Brussels (Brussels Morning) The ‘Middenvijver’ in the park of Neerpede is being transformed into a natural swimming pond the size of four Olympic swimming pools, in which Brussels residents can swim in summer from 2024. This was announced by competent minister Alain Maron (Ecolo) and the municipal council of Anderlecht at the beginning of December on the basis of a feasibility study ordered by Brussels Environment.
But not everyone is happy with those plans, says Anderlecht municipal councilor Françoise Carlier (MR). “I hear from many local residents that they are not happy with the plans. A petition has already been circulated and has gathered more than 600 signatures. I also see a lot of criticism on social media.”
Carlier herself also has her doubts about the project. “First of all, I fear for mobility. Up to 225 swimmers can come at the same time, but they will also come with their family and friends. However, there is only one tram line that leads here. So many people will take the car. In addition, there are sometimes football matches where people even come as far as the pond to find a parking space,” Carlier was reported saying, according to BRUZZ.
In addition, Carlier is afraid that not everyone will treat the existing biodiversity with the same respect. “The majority may be respectful: out of 225 visitors there will always be someone who, so to speak, wants to see the ducks’ nests.”
Finally, Carlier also points out the possible noise nuisance. “Perhaps some people will also come up with amplifiers. That could also cause nuisance,” says Carlier. “Moreover, it is not that there are no swimming facilities in Anderlecht. But loving nature doesn’t mean you have to keep making it your own.”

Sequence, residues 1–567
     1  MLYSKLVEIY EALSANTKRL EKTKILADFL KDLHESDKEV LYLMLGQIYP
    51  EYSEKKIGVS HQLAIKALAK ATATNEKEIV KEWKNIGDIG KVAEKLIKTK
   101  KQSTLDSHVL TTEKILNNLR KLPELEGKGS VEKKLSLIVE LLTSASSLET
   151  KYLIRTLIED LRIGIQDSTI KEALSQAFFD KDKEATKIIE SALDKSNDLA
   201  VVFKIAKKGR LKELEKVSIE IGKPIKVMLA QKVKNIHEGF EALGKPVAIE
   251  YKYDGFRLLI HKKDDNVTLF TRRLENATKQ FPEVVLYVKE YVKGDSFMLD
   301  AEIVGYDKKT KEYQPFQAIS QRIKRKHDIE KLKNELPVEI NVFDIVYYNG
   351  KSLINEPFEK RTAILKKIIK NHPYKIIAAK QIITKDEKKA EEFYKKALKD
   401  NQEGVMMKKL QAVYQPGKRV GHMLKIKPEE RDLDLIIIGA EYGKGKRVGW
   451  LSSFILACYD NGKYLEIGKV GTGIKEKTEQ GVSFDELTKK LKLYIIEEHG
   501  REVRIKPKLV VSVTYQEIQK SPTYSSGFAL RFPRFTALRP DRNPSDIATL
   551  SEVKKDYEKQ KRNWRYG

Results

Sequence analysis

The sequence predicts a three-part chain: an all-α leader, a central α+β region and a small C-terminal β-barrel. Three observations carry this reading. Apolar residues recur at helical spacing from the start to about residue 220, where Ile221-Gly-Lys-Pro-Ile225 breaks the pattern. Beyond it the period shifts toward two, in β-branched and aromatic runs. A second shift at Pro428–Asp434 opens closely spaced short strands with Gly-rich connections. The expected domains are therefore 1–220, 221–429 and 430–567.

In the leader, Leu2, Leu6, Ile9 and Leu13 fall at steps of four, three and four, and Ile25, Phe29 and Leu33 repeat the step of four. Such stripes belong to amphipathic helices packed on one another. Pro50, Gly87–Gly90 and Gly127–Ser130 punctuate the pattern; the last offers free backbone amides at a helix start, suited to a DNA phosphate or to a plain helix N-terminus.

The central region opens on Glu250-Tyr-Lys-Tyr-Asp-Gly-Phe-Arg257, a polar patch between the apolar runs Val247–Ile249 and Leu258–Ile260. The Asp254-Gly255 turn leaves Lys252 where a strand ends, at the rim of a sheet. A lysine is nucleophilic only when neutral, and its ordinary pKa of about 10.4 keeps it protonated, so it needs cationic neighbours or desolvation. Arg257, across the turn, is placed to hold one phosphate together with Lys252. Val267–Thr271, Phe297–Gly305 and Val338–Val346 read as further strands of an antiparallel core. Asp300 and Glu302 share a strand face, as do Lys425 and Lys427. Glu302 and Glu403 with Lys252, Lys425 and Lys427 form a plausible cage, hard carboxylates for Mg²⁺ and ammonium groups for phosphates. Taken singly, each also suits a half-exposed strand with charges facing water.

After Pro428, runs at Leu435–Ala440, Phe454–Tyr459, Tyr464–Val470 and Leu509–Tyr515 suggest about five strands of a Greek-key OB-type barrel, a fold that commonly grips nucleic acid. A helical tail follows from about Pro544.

According to La Dernière Heure, a concerned neighborhood resident presented her questions during the city council on Thursday. Sustainable Development Alderman Allan Neuzy (Ecolo) explained that the pond in question suffers from botulism and that the disease has damaged the local fauna. “The project will lead to the water of the Middenvijver becoming the clearest water in Brussels,” it said.
In the same newspaper, Martin Ohse of Brussels Environment responds reassuringly to questions about biodiversity. According to Ohse, the feasibility study has prompted Brussels Environment to adapt the plan.
“The hill where we wanted to create a kind of small adventure park turned out to be rich in biodiversity, so we’re looking for ways to preserve this space,” said Ohse. “We are also going to apply phyto purification (purification by plants and sand, ed.) to treat the bathing water. That is why we want to limit the number of people in the pond to 225. The concrete banks will also be covered with vegetation.”
According to Ohse, the submission of the urban development and environmental permits is scheduled for June 2022. “But before that happens, we still have to carry out a study regarding mobility and living environment.”